Thursday, December 15, 2005


The BBC had a special news feature on ‘filling the pews’ (or emptying them!) in London yesterday. The first section focussed on the sexuality argument, with the Anglican Bishop of London, the Rt Rev Richard Chartres, on film, and the Rev Joel Edwards (head of the Evangelical Alliance) and my esteemed colleague Jonathan Bartley from Ekklesia (pictured) in the studio. You can watch it via dial-up or broadband here until the end of the week – the first segment is straight after the weather forecast, appropriately enough. Hmmnnn... What was that Gospel saying about “the Spirit blows where it wills, and we know not where it comes from or where it goes”?

Anyway, it is a good encounter between Jon and Joel. Of course the stock premise of the interview, the interviewer and the film that precedes it is that those who oppose affirming lesbian and gay people in the church must have the Bible on their side, and that those who are inclusive must want to throw it out. Similarly, the media ‘script’ says that all evangelicals are on one side, and the ‘other side’ is made up of people called ‘liberals’.

Rooted in the radical discipleship tradition, one of the things we try to do on Ekklesia is to upset these false and settled assumptions. As on slavery, women, peace and war and much else, the issue is not about knock-down arguments buttressing unassailed rightness. It is about how Christians interpret their texts and traditions (and each other), how they are persuaded – and how they often discover that what they thought was ‘plain’ is actually more demanding than the first or surface reading suggests. That is, it concerns not only our theories about "received wisdom", but how we live and with what kind of responsiveness to the transcendent down-to-earthness of God.

Faithful reading and re-reading in context, through evolving communal understanding, critical reflection, and seeking the way of Jesus in the light of the Spirit isn’t, therefore, some “modern fad” or “easy option”. It’s actually the procedure of traditional Christianity, before that term was hijacked by what David Jenkins calls “certainty wallahs”, and by a fundamentalist refusal of the openness of the text – a stance which actually owes more to dogmatic nineteenth century rationalism than to the God of the Bible who is revealed in the vulnerability of flesh, narrative and sacrifical love.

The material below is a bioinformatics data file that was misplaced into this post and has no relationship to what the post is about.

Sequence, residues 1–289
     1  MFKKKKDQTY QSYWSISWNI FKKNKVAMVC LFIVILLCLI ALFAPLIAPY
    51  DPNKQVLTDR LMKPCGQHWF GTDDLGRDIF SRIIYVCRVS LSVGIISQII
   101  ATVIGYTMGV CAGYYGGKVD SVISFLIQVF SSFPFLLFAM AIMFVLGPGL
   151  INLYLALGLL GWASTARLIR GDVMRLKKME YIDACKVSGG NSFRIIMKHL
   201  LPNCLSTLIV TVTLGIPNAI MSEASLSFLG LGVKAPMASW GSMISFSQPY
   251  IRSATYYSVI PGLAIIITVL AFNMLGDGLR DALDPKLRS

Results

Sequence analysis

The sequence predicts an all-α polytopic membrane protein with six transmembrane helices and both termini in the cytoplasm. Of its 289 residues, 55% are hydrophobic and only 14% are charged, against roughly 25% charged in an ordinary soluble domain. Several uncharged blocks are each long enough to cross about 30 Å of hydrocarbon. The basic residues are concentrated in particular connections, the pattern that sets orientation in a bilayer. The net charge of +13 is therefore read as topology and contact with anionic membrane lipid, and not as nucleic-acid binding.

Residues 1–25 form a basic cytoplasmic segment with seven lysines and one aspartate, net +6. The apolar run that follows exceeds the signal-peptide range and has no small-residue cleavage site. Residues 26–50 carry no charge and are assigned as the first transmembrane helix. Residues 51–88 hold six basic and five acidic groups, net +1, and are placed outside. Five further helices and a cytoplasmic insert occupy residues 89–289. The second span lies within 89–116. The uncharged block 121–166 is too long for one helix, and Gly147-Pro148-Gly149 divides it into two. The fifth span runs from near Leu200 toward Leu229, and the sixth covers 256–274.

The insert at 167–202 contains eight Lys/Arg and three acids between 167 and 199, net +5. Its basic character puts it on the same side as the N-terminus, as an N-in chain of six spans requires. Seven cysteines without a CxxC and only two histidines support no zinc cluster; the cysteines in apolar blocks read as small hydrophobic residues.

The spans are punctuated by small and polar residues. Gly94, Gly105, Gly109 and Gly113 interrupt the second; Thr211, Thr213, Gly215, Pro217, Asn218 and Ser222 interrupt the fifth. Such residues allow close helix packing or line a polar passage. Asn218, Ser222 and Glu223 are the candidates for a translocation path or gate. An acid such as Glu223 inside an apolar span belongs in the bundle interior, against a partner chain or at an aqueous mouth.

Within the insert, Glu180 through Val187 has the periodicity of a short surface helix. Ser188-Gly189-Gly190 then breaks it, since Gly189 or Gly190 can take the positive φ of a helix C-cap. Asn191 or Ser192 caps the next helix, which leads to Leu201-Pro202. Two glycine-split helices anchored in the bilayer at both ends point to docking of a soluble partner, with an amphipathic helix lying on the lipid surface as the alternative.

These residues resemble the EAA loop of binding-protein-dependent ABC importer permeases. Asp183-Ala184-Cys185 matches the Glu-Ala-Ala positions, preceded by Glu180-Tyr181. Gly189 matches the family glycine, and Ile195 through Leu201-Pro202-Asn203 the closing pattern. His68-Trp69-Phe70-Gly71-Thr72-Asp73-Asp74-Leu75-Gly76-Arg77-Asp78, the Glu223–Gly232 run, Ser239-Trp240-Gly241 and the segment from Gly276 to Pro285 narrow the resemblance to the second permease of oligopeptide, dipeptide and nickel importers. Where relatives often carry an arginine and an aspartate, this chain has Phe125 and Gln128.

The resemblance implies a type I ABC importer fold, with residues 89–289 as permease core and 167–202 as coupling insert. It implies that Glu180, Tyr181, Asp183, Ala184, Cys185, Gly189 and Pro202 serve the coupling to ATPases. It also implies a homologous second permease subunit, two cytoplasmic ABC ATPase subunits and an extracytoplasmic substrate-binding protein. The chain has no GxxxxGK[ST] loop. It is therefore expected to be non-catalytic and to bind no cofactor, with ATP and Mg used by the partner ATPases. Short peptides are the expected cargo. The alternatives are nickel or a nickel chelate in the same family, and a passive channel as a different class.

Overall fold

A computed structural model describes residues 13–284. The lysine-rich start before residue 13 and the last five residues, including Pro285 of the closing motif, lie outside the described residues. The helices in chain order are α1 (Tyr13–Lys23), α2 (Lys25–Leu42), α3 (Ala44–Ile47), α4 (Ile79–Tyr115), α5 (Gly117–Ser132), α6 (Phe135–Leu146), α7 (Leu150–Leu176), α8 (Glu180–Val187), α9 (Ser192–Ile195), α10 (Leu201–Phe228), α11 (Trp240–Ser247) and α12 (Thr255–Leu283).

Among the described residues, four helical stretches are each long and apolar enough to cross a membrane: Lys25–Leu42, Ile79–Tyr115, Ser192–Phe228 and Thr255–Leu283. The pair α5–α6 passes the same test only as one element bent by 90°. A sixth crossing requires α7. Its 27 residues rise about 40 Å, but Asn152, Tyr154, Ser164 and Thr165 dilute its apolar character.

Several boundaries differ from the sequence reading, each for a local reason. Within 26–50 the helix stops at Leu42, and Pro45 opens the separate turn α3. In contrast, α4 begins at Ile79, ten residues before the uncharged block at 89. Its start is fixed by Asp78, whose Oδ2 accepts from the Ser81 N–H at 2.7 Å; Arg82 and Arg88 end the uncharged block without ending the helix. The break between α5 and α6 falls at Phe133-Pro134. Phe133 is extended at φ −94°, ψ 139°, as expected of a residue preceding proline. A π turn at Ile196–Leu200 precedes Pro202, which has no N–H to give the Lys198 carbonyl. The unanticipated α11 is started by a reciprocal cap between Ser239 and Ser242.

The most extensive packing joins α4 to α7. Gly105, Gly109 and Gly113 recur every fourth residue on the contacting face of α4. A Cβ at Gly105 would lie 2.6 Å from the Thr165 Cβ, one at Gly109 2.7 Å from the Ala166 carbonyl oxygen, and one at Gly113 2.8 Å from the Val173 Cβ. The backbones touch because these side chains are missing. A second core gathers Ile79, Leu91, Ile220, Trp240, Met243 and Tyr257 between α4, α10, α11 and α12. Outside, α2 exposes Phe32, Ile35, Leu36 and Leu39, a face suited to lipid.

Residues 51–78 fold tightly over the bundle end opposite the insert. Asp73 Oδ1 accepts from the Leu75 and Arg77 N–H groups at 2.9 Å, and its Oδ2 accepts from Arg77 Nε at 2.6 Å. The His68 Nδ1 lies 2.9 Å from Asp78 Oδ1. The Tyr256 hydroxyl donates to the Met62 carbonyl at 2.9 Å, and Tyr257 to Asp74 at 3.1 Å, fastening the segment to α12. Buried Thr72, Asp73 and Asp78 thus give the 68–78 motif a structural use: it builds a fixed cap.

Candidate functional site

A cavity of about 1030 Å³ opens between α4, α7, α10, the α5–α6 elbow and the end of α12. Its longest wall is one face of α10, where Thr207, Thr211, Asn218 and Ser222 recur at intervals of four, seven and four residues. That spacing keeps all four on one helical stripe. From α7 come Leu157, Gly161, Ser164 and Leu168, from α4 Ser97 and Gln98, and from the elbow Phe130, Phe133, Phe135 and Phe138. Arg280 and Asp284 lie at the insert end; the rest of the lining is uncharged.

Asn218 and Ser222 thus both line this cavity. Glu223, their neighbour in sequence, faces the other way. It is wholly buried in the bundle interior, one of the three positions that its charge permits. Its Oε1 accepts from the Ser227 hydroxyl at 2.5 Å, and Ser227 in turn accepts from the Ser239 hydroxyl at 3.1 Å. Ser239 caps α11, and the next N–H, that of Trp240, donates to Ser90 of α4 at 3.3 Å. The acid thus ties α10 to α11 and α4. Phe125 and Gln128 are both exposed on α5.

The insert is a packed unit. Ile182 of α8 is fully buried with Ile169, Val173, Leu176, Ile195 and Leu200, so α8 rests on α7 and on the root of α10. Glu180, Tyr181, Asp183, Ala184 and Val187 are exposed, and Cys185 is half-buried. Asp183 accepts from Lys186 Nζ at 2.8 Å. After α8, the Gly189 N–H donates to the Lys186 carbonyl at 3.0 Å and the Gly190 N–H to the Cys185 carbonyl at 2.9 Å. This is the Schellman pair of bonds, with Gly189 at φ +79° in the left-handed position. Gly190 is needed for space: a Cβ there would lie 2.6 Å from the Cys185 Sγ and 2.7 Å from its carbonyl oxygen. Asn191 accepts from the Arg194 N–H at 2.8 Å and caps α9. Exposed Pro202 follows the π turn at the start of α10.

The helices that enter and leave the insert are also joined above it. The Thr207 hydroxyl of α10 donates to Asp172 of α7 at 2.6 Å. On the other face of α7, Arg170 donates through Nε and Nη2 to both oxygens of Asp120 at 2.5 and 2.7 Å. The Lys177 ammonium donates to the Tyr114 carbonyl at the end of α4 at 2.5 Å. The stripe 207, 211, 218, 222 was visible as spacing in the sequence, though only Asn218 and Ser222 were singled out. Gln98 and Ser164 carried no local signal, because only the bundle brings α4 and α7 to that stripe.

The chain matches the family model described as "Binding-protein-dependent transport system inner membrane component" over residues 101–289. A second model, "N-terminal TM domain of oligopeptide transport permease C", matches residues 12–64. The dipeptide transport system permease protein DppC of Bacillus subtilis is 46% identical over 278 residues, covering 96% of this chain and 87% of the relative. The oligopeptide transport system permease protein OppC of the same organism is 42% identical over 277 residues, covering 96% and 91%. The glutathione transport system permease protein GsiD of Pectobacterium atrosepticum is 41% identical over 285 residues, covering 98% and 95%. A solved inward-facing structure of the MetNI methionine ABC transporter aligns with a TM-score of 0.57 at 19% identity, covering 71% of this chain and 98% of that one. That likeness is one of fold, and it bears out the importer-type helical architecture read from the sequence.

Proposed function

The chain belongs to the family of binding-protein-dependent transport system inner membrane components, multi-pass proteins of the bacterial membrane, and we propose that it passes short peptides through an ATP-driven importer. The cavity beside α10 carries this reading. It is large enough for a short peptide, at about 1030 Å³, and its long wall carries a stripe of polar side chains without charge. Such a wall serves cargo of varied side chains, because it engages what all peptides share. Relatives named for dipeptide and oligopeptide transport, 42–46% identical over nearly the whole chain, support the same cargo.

It is this traditioned view (as I would put it, to distinguish from the rejectionist variety) which leads many of us to believe that the exclusion of gay people from full participation as baptised members of the Body of Christ is not just wrong on grounds of some abstract contemporary notion of rights, but wrong as a statement about the identity of Jesus' companions and the way this identity is apprehended in the prophetic biblical tradition -- which speaks of a changing future, not a fixed past. Not that it’s easy to put that into a sound-bite on TV. But Jonathan always does a pretty good job of it, I reckon.

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